Search
  • Jackson Clark

Setting Objectives For Your School's Online Marketing

Updated: Mar 15

Specific goals and objectives – such as increasing enrolments or enhancing the school’s reputation within the local area – must be clearly defined before beginning any marketing endeavours.


Having these objectives at the top of mind will ensure that online actions and decision-making will always be clearly guided. If you do not know what objectives you are trying to achieve with your school’s marketing, it is difficult to determine if your current efforts are working. Be clear about the story you want to tell and the message you want your target audience to take away.


Audit the marketing that you are currently doing and determine what is working and what can be improved or eliminated. Sometimes it can be valuable to hire a social media expert to assist in this process and to provide a fresh look.


Become a student of the social media game by following all the schools within your area and determine what content is working and what is not. Follow some of the well-established educational institutions that have marketing teams with massive budgets and replicate their social media posting strategies.


Do not just copy their strategies directly but determine the type of content that is being posted, the frequency of the posts, which platforms are being used the most, and what language is used to communicate to their audience. Acknowledge the content that is performing best – the posts that are getting the most engagement from parents – then strive to imitate it while adding your school’s personalised touch. Let the digital marketing strategies of other places be valuable data, then customise it to reflect your school’s unique qualities.


A school’s social media strategy must not be spread too thin across all the different platforms. When it comes to time, resources, and budget, it is essential to be realistic and prioritise the platforms that are returning the best results. It is always better to be exceptional on one platform than mediocre across them all, so focus on just one or two and create the best quality work to stand out.


Decide what social media platforms will be best to allocate efforts toward; it could be a combination of many. When you consider the diverse audience that makes up your school, it can pay to create a social media marketing strategy that connects best with as many people as possible.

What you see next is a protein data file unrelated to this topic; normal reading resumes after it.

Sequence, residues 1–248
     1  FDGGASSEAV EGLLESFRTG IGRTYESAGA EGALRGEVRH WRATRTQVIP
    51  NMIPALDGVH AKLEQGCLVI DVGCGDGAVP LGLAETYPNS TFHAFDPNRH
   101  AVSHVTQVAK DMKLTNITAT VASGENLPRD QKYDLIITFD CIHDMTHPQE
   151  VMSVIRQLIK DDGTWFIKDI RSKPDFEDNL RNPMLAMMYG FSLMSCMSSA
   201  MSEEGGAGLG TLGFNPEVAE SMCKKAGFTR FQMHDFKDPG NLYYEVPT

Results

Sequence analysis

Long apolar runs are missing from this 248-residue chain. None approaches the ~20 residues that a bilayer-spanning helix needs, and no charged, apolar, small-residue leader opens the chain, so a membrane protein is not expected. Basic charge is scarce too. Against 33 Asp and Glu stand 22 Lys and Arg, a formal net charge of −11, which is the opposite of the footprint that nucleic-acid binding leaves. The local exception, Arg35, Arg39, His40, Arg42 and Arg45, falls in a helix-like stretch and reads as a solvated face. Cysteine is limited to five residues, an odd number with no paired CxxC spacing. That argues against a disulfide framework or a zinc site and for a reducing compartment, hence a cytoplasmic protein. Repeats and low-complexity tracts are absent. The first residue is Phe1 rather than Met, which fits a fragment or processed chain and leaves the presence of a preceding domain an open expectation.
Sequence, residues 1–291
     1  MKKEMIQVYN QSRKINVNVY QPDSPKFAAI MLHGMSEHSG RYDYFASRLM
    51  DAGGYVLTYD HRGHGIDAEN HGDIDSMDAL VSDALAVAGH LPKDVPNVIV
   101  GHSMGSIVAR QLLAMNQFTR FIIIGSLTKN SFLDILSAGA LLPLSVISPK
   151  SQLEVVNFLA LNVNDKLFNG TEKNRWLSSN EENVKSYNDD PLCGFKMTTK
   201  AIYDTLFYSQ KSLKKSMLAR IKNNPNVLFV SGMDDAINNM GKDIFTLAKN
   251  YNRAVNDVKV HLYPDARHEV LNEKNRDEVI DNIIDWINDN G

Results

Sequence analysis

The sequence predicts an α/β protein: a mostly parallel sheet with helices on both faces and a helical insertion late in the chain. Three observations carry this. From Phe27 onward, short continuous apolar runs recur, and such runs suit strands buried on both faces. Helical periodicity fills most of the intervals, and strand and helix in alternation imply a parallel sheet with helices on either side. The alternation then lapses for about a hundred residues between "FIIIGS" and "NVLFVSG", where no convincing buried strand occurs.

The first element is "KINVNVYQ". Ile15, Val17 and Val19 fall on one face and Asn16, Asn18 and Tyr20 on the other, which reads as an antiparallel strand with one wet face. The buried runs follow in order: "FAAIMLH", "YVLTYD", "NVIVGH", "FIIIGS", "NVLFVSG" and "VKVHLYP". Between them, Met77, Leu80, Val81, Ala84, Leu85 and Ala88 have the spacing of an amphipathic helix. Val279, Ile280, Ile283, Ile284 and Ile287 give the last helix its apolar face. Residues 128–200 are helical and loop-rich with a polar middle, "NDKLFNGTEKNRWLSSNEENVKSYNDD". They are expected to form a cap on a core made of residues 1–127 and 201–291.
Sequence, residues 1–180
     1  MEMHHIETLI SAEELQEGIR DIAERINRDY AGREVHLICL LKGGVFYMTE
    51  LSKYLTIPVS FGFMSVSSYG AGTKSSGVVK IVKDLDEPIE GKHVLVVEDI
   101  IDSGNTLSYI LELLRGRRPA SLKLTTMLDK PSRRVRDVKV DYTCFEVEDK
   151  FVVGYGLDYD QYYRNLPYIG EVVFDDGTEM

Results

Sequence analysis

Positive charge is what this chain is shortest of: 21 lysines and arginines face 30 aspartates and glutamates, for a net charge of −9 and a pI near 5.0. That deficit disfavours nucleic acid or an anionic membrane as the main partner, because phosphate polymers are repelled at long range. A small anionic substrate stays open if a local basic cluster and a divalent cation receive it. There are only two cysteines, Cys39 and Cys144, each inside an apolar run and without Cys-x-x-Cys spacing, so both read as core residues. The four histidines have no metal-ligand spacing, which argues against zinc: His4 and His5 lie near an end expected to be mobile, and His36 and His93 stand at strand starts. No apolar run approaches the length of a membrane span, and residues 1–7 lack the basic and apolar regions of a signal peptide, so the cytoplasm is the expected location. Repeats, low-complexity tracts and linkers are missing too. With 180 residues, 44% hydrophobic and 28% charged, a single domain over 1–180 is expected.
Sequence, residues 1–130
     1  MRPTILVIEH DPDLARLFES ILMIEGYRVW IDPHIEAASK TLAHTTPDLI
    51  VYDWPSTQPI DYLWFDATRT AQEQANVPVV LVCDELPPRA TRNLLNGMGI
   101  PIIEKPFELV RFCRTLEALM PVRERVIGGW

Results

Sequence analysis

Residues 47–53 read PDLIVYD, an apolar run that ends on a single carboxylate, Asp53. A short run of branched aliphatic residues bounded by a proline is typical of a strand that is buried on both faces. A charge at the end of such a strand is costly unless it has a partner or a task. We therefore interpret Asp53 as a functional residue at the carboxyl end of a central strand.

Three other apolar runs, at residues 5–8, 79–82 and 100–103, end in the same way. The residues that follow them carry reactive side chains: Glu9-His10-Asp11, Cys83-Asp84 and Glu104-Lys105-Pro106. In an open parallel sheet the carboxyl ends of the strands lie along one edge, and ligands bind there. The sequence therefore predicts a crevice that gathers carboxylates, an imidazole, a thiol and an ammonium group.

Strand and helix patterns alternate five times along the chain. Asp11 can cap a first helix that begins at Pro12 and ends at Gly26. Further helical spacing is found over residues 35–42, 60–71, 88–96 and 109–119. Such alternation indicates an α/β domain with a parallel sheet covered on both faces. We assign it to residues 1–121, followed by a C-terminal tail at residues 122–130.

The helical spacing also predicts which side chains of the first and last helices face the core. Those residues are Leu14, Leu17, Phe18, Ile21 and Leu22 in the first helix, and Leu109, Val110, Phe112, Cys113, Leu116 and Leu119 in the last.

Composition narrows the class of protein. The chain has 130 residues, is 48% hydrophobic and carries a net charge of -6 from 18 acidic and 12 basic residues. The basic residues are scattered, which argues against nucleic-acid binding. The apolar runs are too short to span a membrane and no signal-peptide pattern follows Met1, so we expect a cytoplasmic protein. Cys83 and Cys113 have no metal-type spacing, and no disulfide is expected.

Ensure to create content that is native to the platform it is going on. Simply copying your content from Facebook over to Instagram, or a pre-made television commercial to YouTube is not an optimal strategy. The content will appear disingenuous and will most likely be ignored. This is because people are in a different mindsets when browsing on different platforms.


A technique called ‘repurposing’ can help save time and ensure that your school is creating a presence across multiple social media channels. When relating to social media, the term repurposing involves taking an existing piece of content and changing either the format or the target audience to create a new piece of content.


Sounds confusing? Let me explain. An example of this could be when writing a blog post titled ’10 Great Things About Our School’ – something that is perfect for distribution on LinkedIn and the school’s website. That piece of content can then easily be changed into a short video of a school representative discussing their personal experiences about everything that makes the place great, which could then be posted to YouTube or TikTok. Or the original blog post could be turned into an infographic that is perfect for Facebook or Instagram. Repurposing enables an original piece of content to reach a wider variety of people and to connect with them in a platform-appropriate way.


It would be advisable to have an idea of the school calendar and key events so that there is enough time to carefully plan any marketing efforts and avoid being overloaded. Facebook allows for posts to be scheduled through their platform, and there are many other social media scheduling tools – like Buffer and Hootsuite – which make it easier to schedule posts across multiple different platforms.


If coming up with ideas for fresh content is too challenging, themes could be devoted to specific days of the week. For example, Monday could be the day a question is asked to the parents on Facebook, Tuesday could be the day a piece of student’s work is shared on Instagram, Wednesday can be the principal’s message, etc.


When utilising paid advertising, consider a marketing budget and closely monitor the readily available ad performance data to calculate return on investment. Return on investment can be a tricky metric to calculate due to the differences between social media marketing and traditional marketing. With social media, people often form deeper, longer-lasting connections, which can be invaluable for a school and lead to more direct enrolment referrals and school loyalty.


A significant component of online marketing is interpreting the analytics, repeatedly testing content and strategies, eliminating the poorer performing campaigns, and progressing with the successful ones. This can often take time and patience, but it will save you marketing dollars in the long run by ensuring that both your message and target audience is on point. It is all about sending the right message to the right people.